Editor’s NOTE: The following op-ed, penned by me, was published in Daily Times on November 17, 2012. I’m pleased to cross-post the article on my blog from Daily Times without any editing. (Ali Salman Alvi)
Fanaticism has been kept in the mainstream by those for whom it is a game to extract money out of organisations after rampant looting and killing. People then think of only an exodus as a means of survival, hence leaving behind the land to be ruled by those who have a singular aim to grab power by means of terrorism. Swat, with high mountains, green meadows and clear lakes, once known as the Switzerland of the region, where winter sports and tourism were a normal trend, is now marred by the chilling account of the barbarous and bloodied persecution of those who tried to defy the Taliban. Vested interests of ‘some’ with terrorism have destroyed the region as a business hub, which in turn has cracked the backbone of the economy of Pakistan and has left the state with no tourism. Hundreds of the inhabitants of Swat region were massacred by the Taliban and their misery only came to an end when the government launched a major military operation in 2009, despite facing opposition from the Pakistan Tehrik-e-Insaf and religious parties.
The fanatical bent of the human mind always opposes any kind of progressive, scientific education since it will inevitably make the succeeding generations question their diktat, which will consequently topple their kingdom of regressive dogmatism complemented by terror logistics. Religion galvanises people, but misinterpreted religious sermons galvanises the ignorant and uneducated. These people form the vote/power bank of such voices, because due to ignorance their sermons sell; therefore, education is only opposed by fanatics. More than 800 school buildings have been blown up in Khyber Pakhtunkhwa and FATA to date and the campaign is not over yet. The silence of religious parties in Pakistan over this destruction is quite meaningful, which clandestinely endorses the militants’ argument that educating girls is in breach of the teachings of Islam. Islam does not ask its followers to keep girls uneducated. In fact, it holds education for girls as obligatory as for boys. Malala Yousafzai, who stood for the principles of peace and education, thus jeopardising the hegemony of these thugs, was an obstacle in their greater plan of destabilising Pakistan further.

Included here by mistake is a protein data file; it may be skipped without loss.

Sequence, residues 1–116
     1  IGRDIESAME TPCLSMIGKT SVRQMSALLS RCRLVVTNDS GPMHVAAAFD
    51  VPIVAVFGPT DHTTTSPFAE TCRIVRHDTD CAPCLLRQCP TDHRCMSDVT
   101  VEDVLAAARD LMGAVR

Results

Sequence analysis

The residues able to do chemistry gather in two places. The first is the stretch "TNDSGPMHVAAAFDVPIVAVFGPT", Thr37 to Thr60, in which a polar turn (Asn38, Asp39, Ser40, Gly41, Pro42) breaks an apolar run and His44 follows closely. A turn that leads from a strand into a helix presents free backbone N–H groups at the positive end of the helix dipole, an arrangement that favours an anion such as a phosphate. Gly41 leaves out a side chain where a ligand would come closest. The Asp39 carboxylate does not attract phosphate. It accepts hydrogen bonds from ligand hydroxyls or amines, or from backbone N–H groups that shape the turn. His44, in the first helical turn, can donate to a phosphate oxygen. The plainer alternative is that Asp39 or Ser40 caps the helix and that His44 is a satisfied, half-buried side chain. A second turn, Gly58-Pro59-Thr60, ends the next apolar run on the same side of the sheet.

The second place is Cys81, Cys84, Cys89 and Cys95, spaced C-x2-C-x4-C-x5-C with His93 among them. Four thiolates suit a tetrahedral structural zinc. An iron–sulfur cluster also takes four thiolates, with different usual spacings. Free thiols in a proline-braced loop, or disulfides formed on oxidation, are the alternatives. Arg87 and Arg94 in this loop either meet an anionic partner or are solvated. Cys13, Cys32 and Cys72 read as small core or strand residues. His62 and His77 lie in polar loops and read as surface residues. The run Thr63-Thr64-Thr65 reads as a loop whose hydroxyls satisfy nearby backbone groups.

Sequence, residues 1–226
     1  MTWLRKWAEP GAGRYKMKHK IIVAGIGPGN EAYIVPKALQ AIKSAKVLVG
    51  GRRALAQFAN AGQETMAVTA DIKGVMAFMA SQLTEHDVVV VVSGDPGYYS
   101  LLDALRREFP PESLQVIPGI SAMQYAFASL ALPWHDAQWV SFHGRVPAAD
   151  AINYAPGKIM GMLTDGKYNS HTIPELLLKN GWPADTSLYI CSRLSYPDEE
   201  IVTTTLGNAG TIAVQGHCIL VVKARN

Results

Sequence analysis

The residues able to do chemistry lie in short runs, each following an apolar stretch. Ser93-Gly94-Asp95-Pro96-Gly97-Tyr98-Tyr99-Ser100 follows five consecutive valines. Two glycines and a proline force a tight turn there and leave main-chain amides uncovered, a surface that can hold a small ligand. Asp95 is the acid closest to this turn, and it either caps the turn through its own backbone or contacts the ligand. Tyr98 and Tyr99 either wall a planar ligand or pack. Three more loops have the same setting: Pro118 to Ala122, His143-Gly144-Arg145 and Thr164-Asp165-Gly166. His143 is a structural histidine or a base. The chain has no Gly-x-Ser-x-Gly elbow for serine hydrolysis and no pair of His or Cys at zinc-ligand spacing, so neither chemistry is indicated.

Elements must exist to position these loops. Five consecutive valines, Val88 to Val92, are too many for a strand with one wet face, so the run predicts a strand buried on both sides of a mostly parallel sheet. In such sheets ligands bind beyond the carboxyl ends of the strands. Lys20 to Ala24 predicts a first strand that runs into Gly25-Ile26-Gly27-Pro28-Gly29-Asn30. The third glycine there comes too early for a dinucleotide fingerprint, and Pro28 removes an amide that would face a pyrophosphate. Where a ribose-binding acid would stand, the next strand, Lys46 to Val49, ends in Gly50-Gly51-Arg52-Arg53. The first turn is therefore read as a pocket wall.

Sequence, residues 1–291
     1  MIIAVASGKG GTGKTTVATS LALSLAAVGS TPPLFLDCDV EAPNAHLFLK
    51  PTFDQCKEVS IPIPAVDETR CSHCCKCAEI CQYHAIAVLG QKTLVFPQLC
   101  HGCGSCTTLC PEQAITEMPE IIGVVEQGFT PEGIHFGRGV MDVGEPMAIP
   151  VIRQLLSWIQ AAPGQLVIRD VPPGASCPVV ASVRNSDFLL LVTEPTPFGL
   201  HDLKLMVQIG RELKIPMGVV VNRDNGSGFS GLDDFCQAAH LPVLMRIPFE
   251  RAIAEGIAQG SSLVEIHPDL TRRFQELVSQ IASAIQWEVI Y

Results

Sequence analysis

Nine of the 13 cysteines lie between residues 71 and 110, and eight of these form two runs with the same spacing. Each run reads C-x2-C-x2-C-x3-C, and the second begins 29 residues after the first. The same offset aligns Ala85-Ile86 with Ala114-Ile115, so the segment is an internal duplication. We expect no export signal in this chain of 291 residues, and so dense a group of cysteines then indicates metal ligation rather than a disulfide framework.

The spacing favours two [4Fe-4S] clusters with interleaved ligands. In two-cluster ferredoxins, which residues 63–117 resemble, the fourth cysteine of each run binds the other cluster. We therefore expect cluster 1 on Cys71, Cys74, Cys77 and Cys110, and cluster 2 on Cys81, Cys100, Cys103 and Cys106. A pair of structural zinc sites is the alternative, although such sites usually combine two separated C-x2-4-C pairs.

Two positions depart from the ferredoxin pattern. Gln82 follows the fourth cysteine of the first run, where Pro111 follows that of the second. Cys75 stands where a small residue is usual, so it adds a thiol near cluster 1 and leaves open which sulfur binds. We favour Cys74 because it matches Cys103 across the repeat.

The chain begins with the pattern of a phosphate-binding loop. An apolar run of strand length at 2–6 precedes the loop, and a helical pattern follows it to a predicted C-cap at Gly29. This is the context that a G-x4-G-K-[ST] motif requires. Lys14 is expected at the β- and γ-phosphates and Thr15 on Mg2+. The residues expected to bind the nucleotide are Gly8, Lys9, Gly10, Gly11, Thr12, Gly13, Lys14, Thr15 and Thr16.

Malala spoke about education and a secular Pakistan, which is the biggest thorn in the side of their business agenda of terrorism, and that is the reason why she was added to a Taliban hit list in 2011 and, subsequently, attacked in 2012. After an abhorrent campaign run by Islamist goons on social media, casting all sorts of doubts on the assassination attempt on Malala, their full of hot air leader, Fazlur Rehman stamped his approval upon the lamest of conspiracy theories about the 15-year-old who is undergoing medical treatment after surviving miraculously in the attack.
Almost four weeks after Malala and her two friends, Shazia and Kainat, came under attack by the Tehreek-e-Taliban Pakistan (TTP) in her hometown, Swat, the eponymous chief of his own faction of Jamiat Ulema-e-Islam, Maulana Fazlur Rehman termed the assassination attempt a drama. Addressing the ‘Islam Zindabad Conference’ in Karak, he said, “Pictures shown on social media have shown the whole character as suspicious because there was no sign of injury after the bandage on her head was removed.” This meant that Malala had not received any injury in her head since there was no sign of one after the bandage on her head was removed.